Oil spill still impacting mental health - WLOX.com - The News for South Mississippi

Oil spill still impacting mental health


The Deepwater Horizon oil rig explosion that killed 11 workers and set off a massive gusher of oil into the Gulf came at an especially tough time for coast residents.

"We surveyed almost 1,000 people and this oil spill had some impact on almost everyone without exception, either exclusively or as a combination with Katrina and the economy," Gulf Coast Mental Health Center Director Jeff Bennett said.

Bennett said the $3 million they got from BP to use over two years, kept them afloat during a busy time allowing them to better serve those who couldn't afford to pay for services.

"They're not employed; they have no insurance, little income, haven't been paid by BP, and they come in here out of frustration, depression, anxiety or whatever it is, with no way to pay," Bennett said.

One area they saw a noticeable increase was in domestic problems. Bennett said people lost jobs and were moving in with family members because they couldn't pay their rent.

"A day or two of that is okay, but weeks and weeks can create domestic problems," Bennett said. "And we saw quite a bit of that."

There was also an increase in substance abuse with people self medicating using drugs and alcohol to help them cope with the disaster.

"People in the seafood industry are historically macho types and don't seek mental health services; they take care of it themselves."

Despite the need for more mental health care after the spill Bennett said the coast showed its resilience once again.

"A word used throughout Katrina and the oil spill is resilience," Bennett said. "We are a resilient lot and somehow we figure out how to make the best of a bad situation."

But he said the struggle continues a year later.

"One of the factors that leads to mental health upset is uncertainty, and that's what you have with an oil spill. We don't know yet what the environmental impact will be completely."

Bennett said that uncertainty will continue to keep people concerned and somewhat on edge for some time to come.

Copyright 2011 WLOX. All rights reserved.

  • Read MoreMore>>

  • MDEQ director: Perception still a problem with oil spill

    MDEQ director: Perception still a problem with oil spill

    Tuesday, April 19 2011 3:02 PM EDT2011-04-19 19:02:47 GMT
    Mississippi Department of Environmental Quality Director Trudy Fisher is pleased with the overall response and clean-up of the oil spill along the Mississippi Gulf Coast. She spoke with WLOX about the one year anniversary of the BP spill. The MDEQ has been at the forefront in the ongoing response efforts, which included taking water samples in the Mississippi Sound and monitoring the clean-up operations on the mainland beaches and barrier islands. "On the clean-up and response...More >>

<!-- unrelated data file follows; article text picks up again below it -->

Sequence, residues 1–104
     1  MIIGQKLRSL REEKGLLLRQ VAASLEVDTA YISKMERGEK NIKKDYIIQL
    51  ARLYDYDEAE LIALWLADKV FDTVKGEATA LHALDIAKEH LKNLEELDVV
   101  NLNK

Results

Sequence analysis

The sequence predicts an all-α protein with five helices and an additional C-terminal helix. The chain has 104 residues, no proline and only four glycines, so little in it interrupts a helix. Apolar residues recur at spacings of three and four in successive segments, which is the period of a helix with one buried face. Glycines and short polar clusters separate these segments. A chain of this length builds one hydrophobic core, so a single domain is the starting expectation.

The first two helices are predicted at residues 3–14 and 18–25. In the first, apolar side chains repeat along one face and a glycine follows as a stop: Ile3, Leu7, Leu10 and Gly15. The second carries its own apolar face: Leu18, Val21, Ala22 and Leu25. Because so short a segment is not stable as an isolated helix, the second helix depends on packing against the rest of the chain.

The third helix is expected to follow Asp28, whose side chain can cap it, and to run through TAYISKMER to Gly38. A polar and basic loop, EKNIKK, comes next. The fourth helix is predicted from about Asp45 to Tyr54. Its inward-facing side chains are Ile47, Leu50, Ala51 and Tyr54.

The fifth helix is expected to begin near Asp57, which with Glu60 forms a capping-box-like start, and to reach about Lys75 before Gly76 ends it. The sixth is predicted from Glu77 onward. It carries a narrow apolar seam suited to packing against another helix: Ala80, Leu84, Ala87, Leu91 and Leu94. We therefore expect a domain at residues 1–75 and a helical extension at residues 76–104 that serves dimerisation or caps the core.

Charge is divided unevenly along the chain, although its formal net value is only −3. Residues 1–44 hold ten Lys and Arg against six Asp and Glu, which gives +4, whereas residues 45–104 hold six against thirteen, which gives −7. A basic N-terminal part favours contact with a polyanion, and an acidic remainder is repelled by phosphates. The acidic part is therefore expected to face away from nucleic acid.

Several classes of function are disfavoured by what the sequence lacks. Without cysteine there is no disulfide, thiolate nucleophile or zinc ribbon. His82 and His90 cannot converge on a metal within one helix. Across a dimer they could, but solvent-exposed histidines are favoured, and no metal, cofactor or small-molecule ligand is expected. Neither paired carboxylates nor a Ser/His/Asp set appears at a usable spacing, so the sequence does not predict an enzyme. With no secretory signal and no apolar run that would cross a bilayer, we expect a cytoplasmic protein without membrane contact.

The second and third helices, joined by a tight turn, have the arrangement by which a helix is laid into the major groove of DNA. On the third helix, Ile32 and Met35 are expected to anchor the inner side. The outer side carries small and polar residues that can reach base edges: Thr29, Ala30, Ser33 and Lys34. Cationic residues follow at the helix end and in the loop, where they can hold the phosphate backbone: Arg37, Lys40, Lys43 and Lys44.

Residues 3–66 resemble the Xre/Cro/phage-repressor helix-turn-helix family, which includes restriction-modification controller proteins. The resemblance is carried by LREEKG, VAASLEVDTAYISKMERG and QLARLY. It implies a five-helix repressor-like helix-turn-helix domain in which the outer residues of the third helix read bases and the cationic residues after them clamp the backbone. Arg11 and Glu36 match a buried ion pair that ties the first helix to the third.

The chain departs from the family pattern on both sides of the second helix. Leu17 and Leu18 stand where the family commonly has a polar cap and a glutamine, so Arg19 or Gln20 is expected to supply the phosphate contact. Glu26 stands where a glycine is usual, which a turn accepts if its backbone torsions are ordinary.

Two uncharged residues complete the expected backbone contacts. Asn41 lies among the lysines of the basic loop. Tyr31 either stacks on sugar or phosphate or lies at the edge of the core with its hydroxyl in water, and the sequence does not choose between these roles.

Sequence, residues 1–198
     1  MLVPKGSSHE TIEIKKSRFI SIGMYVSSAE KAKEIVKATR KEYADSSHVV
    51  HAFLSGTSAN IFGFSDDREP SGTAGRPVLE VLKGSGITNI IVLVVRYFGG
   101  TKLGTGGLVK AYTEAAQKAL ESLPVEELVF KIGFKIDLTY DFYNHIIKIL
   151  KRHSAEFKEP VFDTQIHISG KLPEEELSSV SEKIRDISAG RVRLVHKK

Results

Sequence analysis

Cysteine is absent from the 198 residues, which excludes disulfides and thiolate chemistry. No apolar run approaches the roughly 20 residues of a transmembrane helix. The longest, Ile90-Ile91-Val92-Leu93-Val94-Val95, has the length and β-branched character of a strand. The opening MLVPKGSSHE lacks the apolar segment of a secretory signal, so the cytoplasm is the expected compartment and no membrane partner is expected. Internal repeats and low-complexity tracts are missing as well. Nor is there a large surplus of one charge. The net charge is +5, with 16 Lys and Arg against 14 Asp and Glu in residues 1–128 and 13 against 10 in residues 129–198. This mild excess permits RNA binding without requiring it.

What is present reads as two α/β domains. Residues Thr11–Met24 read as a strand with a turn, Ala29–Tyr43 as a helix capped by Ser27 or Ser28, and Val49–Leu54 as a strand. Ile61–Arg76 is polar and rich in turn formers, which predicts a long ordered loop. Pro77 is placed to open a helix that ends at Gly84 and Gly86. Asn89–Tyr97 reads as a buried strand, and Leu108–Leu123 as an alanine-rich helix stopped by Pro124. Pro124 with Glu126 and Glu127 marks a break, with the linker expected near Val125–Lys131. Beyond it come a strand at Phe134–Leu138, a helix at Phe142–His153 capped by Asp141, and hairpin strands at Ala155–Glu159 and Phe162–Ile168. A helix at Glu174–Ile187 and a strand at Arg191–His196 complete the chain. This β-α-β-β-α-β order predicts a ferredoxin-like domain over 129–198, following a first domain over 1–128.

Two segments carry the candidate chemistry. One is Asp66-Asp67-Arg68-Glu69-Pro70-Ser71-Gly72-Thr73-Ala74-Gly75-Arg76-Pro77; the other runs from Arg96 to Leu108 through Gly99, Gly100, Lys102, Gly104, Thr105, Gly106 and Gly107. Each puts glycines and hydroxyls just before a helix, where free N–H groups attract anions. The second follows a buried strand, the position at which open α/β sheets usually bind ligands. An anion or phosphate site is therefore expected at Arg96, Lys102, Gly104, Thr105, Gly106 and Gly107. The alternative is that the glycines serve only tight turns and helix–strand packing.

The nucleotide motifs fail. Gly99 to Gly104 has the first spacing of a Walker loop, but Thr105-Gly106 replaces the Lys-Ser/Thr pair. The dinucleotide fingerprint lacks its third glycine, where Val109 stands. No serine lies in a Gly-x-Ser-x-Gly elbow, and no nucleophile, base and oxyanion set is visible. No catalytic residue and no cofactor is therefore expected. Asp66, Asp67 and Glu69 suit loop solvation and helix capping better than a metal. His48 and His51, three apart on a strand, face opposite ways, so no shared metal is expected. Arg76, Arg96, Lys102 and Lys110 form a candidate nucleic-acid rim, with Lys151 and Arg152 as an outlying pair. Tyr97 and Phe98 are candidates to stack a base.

The director of the Mississippi Department of Environmental Quality says she's pleased with the response and clean-up of the oil on this week's one year anniversary of the BP oil spill. Trudy Fisher says the biggest challenge still remaining is perception.More >>
  • Cat Island clean-up crews making progress

    Cat Island clean-up crews making progress

    Monday, April 18 2011 6:47 PM EDT2011-04-18 22:47:34 GMT
    Monday, April 18 2011 9:29 PM EDT2011-04-19 01:29:30 GMT
    About two dozen clean-up workers spent the day Monday picking up small tar balls along the eastern shore of Cat Island. The contractor hired by BP to clean that barrier island has a command center set-up on a barge that's anchored along the north side of the island. On this week marking the one year anniversary of the oil spill, WLOX News accompanied DEQ representatives on a tour of Cat Island. As our boat approached from the north, it was easy to spot the beauty of this barrie...More >>
    Clean-up crews contracted by BP are making progress clearing the tar balls and waste oil from Cat Island. The oil giant recently purchased a portion of the island from private owners.More >>
  • Mississippi barrier islands still recovering from spill

    Mississippi barrier islands still recovering from spill

    Wednesday, April 20 2011 8:26 AM EDT2011-04-20 12:26:36 GMT
    Mississippi's barrier islands were among the areas most damaged by oil washing ashore from the BP disaster one year ago. The subsequent clean-up operation on the islands has removed nearly four million pounds of tar balls and oil patties. Much of that work was scaled-back last month so clean-up crews don't disturb nesting birds on the barrier islands. "People are ready to get out. Spring fever is here and they want to get back out to the islands," said Louis Skrmetta, whose...More >>
    Louis Skrmetta is hoping for a busy summer season for Ship Island Excursions. Opening day, the family ferry business took more than 500 visitors to the island. That's good news, since last year his business was down by about 60 percent because of the oil spill.More >>
Powered by Frankly